“That sounds almost like a challenge, my lord.” She cursed the words once they were out. Those were the words of impulsive, silly Angie. Even the addition of his title had been used with every intention of being daring instead of polite.
He lifted a shoulder. “Perhaps.” He leaned forward and took her hand in his. She eyed their gloved fingers meeting and tried to force her arm to retreat but she had gone boneless at his touch. He eased his palm into hers and held her hand.
“A challenge would certainly make this rather dry party a little more interesting, do you not think?”
She was too busy gaping at their linked hands to even agree with him.
Or tell him no. She already had one challenge to worry about, she didn’t need another.
“We have ten days together. Let me prove to you that you are not changed. That the Angie I knew still resides behind those stiff manners.”
“Why on earth would I agree to such a thing?”
“To prove me wrong.” He lifted her hand up toward his mouth and brushed it over her knuckles.
“I have no need to prove it.”
“Are you scared?”
She raised her chin. “Never!”
He released a flash of a grin. “Ah, there she is.”
“Damn you, Benedict.”
His grin widened. “And again.”
She puffed out her cheeks, feeling how hot and red they were. This was all going so wrong. How was she meant to act like a lady when he was so infuriating? She should probably start thinking about a new job already. She’d never persuade Oliver they’d do well together if this continued.
Angelina tugged away her hand and shook her head. “You won’t win, Benedict. I can assure you of that. Now it is not appropriate for us to be alone together so I shall bid you good afternoon. Will you tell the marquess that I am suffering with a headache and I shall join them for dinner?”
“Of course, my lady.” He offered a mockingly formal bow and Angelina just knew he had no intention of giving up his idea of scandalising her.
 
She shook her head again. As if he could scandalise her further. 

Click here for a Rafflecopter giveaway!

Sneak peek into ‘Seduced under the Mistletoe’!

Seduced under the Mistletoe is now live! If you’d like a little sneak preview, then how about reading the opening to my novella, Peril with a Prince!

Chapter One

The tankard dropped hard on the table and was accompanied by a leer that Giselle could see from right across the room in the dark inn. Frothy beer spilling onto the floor. She bared her teeth back at him, and the man’s eyes widened, his smile disappearing.

Giselle wrapped her cloak around her more tightly, and tried not to shiver. Merde. She should have known better than to accept a meeting at the Loxham Inn – or however it was that this English pronounced it. She had known that it was a mistake as soon as she had opened the letter the day before, but there had not been time to get a message back to her contact. And so the Loxham Inn, on the very edge of this Kentish coast, was to be her rendezvous.

She swallowed. Being this close to her home in France and yet so far was douloureux, too painful – but she could not go back there. Not since… Well, it was safer for her here, en Angleterre.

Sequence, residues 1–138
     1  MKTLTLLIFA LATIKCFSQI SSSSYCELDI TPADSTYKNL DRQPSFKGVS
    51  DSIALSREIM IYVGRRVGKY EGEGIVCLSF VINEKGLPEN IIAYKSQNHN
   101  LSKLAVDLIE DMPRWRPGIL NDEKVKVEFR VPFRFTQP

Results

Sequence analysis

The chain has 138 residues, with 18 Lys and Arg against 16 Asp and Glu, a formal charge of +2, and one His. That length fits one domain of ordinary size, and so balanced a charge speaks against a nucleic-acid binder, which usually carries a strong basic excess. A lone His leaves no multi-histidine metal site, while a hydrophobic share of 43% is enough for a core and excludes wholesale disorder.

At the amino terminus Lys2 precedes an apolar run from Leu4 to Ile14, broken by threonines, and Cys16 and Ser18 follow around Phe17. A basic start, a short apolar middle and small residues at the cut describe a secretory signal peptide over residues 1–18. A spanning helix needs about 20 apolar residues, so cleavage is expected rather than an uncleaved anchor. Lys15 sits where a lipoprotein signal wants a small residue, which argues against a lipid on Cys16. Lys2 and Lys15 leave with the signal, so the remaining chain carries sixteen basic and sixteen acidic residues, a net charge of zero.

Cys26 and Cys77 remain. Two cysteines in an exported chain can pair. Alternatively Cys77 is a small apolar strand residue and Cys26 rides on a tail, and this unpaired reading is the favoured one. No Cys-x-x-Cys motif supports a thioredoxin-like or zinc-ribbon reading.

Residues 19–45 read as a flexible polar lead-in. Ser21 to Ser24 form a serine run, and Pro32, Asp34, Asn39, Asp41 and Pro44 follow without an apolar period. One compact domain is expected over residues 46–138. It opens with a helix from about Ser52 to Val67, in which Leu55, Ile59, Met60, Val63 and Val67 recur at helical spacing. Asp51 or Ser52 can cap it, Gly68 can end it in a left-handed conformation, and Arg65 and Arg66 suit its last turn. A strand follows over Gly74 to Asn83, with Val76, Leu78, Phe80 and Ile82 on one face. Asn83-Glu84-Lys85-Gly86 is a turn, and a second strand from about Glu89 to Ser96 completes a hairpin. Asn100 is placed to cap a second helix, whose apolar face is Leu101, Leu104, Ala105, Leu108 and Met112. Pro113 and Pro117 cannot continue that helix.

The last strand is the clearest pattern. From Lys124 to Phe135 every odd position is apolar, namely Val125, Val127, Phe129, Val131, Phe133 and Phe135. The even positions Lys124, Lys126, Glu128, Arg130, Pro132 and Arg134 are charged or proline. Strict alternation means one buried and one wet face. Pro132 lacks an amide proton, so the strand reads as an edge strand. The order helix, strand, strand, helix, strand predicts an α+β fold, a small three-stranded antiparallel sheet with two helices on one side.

Giselle took a slow and meaningful look around the dingy room, decorated poorly for the Christmas season, trying not to grimace as she held her arm close to her chest. It was a small stab wound to start with, but constant movement in that carriage to get here had pulled at the healing, and now it was bleeding through her sleeve. It was a pity it was her right hand, for it meant that she was forced to hold her dagger in her left.

You could not be too careful when meeting a man you’ve never even set your eyes on before.

Giselle shivered and took a deep breath as a card game two tables over ended in mutterings and a punch that forced one man to the ground. Here she was, a young woman in a silk gown and elegant diamond ear bobs, sitting in one of the most dangerous inns in England. C’est stupide.

Another deep breath was needed as the minutes ticked by, and the innkeeper glared at her for keeping the small table to herself. You are the Great Whisperer, Giselle said to herself, trying to keep a stern and forbidding look on her face. Courage. You have always managed to get out of scrapes before.

There was a heavy thundering and her cobalt blue eyes looked around, anxious, until she realised it was the sound of her own heart rattling her ribcage. She wasn’t merely frightened: she was terrified. How could she have known, four months ago – and it felt so much longer – that wanting to pass on a letter for her friends would start her on a path like this? But she had had no choice, no choice at all – and now she had a spy’s reputation that she did not deserve!

Giselle swallowed, and tried to imagine what anyone in the Loxham Inn would see if they looked at her. A lady, she hoped; une femme, well bred, and strong, with a determined stare that did not give in. She had not wanted to live a life of subterfuge, and this last transfer of letters was the last one. On Christmas Day, she would be free.

Then she could go and find Pierre, wherever he was. No one’s brother should be missing for that length of time. Ah, mon frère…

Giselle started; the hair on the back of her neck was starting to prickle. What was it? Her eyes darted around the room until they fell on a gentleman almost exactly opposite her, sitting in a small recess but still facing her.

He was staring at her.

She gasped as their eyes met, but he did not look away, and she found herself unable to break the connection. He was a young man, probably not more than one or two and thirty. He looked remarkably clean, which was unusual for the Loxham Inn, and his chestnut hair was cropped short. Even from this distance, Giselle could see his eyes were dark, sparkling with intelligence and focus.